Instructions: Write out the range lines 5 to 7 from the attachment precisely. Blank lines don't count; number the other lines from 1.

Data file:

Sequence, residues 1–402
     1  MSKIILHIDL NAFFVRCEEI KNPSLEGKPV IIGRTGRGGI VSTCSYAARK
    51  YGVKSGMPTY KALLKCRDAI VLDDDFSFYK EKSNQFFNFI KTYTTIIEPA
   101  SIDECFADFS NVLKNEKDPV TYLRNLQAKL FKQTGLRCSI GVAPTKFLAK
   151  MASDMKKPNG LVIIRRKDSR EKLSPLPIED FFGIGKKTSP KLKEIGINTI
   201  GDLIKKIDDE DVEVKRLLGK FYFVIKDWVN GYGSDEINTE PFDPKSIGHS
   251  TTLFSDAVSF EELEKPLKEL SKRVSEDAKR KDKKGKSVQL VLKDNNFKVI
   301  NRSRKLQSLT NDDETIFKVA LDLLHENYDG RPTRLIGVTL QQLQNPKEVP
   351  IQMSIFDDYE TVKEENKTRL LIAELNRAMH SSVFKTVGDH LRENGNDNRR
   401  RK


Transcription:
   151  MASDMKKPNG LVIIRRKDSR EKLSPLPIED FFGIGKKTSP KLKEIGINTI
   201  GDLIKKIDDE DVEVKRLLGK FYFVIKDWVN GYGSDEINTE PFDPKSIGHS
   251  TTLFSDAVSF EELEKPLKEL SKRVSEDAKR KDKKGKSVQL VLKDNNFKVI